Let’s move on now to the lyrical aspects of your latest album. In the lyrics, among others you raise the issue of modern man being enslaved by technology. Such phenomena certainly is happening, but I think that it’s a man himself, who to a large extent allows for this enslavement to take place. To me elements which are often missing in the behavior of modern man, at least in broadly understood Western culture, is control and effort. We make our lives easier by creating all those helpful devices, but we do not always make an effort of controlling the extent of their usage. I think that the technology itself is neutral, it’s neither good or bad. It is us, who by the extent and methods of using it decide, what character and influence it will have on our life. What do you think about this?

Everything depends on our choices and approach to things. In Jonathan Carroll’s books pitbulls are friendly dogs. The writer himself has a few of them and they don’t jump to his throat, but are lovely animals. In my case of an artist being a musician, technology of course helps, but it also can be destructive and that is why I work in a sort of organic way. I do not allow technology to completely control me, but at the same time I don’t want to sound hypocritical. Of course I learn new things and there are times where I don’t have any other choice than to use new technical solutions, but generally technology should help you in actions, not take control over you. Today many young musicians surround themselves with all these new gadgets hoping that they will add something to their talent or even become its substitution. To me it’s like memorizing a poem by putting the book under your pillow before going to sleep and hoping that the poem will automatically get to your head come morning. Unfortunately it doesn’t work that way. Technology itself will not make you a great composer instantly. You have to remember about the basics. All of that requires some effort, actions, reading out that poem few times or at least its few phrases.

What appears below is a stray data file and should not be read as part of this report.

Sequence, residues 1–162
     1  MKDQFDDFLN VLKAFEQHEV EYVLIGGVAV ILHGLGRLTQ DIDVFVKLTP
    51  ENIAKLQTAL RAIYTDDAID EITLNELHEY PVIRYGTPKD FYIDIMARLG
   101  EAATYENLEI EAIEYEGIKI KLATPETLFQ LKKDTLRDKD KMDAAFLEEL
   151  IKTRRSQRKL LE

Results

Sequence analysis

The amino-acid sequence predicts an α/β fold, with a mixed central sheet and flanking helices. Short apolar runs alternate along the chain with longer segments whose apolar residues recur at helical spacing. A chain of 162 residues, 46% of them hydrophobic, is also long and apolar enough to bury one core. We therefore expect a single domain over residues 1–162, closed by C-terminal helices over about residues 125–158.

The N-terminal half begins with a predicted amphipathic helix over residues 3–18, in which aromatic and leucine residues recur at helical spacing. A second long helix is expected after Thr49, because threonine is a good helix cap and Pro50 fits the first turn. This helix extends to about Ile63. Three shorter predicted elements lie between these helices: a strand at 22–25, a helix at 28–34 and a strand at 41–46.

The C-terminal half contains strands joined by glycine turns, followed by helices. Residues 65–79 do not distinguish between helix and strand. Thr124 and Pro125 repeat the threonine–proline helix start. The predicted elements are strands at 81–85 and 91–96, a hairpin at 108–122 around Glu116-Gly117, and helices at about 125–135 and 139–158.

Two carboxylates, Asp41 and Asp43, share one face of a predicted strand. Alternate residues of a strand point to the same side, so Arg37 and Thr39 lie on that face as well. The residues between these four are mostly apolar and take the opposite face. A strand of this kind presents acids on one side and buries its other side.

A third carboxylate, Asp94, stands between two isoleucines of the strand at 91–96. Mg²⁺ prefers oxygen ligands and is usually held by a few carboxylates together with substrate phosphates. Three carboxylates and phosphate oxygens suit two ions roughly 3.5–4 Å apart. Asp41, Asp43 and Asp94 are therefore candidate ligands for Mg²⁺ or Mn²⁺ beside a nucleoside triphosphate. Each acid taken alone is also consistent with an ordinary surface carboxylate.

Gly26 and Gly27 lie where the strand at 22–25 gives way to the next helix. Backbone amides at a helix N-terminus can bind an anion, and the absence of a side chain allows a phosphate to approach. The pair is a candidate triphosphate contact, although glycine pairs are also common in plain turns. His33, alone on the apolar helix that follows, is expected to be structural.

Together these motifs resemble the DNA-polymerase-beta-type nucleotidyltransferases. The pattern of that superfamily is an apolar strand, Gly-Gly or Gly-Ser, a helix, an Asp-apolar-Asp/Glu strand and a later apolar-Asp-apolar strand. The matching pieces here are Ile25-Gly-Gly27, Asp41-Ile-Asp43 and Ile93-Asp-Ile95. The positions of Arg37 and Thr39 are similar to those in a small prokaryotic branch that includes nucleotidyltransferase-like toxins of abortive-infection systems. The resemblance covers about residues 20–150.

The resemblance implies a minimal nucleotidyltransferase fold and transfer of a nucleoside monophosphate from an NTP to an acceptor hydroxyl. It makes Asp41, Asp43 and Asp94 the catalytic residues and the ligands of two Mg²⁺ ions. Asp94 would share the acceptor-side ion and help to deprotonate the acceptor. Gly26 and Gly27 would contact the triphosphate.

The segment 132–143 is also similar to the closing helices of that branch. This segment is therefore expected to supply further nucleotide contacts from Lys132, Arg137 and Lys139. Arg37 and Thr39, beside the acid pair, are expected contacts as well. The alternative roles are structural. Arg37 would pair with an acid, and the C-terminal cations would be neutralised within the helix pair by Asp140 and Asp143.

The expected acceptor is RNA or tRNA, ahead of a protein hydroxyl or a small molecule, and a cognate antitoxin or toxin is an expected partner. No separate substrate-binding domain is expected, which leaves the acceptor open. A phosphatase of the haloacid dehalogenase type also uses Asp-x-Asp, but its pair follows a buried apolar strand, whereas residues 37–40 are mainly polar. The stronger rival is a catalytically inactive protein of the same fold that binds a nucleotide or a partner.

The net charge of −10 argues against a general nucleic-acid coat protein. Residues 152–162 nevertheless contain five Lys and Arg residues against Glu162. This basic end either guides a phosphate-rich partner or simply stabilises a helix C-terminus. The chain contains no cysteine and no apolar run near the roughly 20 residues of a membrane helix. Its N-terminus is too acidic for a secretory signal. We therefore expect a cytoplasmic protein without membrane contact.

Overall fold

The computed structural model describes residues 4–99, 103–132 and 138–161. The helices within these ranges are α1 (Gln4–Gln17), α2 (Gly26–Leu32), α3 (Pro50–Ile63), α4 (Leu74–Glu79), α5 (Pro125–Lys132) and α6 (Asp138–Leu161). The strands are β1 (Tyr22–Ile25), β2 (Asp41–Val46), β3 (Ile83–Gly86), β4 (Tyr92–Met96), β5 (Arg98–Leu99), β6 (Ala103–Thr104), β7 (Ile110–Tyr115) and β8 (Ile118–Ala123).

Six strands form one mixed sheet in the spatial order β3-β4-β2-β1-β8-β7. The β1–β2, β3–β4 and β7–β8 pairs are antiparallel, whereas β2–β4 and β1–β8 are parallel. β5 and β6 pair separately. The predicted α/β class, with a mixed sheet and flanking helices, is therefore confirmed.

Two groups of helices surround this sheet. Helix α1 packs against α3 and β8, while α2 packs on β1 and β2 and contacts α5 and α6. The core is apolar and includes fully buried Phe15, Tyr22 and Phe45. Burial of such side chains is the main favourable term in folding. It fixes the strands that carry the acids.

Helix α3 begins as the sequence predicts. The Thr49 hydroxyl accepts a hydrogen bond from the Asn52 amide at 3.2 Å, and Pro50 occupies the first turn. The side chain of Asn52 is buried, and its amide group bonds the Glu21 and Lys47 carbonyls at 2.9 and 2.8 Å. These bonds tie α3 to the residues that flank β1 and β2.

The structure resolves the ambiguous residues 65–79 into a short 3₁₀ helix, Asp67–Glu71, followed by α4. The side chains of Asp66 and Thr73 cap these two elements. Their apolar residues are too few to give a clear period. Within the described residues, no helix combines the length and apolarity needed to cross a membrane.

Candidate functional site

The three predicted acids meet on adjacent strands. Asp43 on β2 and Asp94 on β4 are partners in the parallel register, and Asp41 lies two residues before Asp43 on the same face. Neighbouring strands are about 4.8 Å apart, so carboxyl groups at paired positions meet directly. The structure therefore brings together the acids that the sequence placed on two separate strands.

I think it is also important to have in mind, that creating sounds isn’t always composing. I think it’s often confused. Creating is about producing sounds, which do not form a song yet. It’s the composition of those sounds, combining them in one piece, stretching or shortening, all of that helps a song have the appropriate colors or emotions.

Certainly. I realize, that using effects can make simple sounds played on ordinary or even on a out-of-tune guitar sound good. That is how you discover new landscapes and possibilities, but I always try to remember about primal instincts, which are the most important. Technology should help, but not distract. When it comes to musical gear, sometimes the excessive number of possible options becomes an obstruction, because you can’t even handle with all those possibilities, unless you are a big fan of such solutions and most importantly you have time to do that. I don’t, so dependence on technology – yes, but only in limited quantity.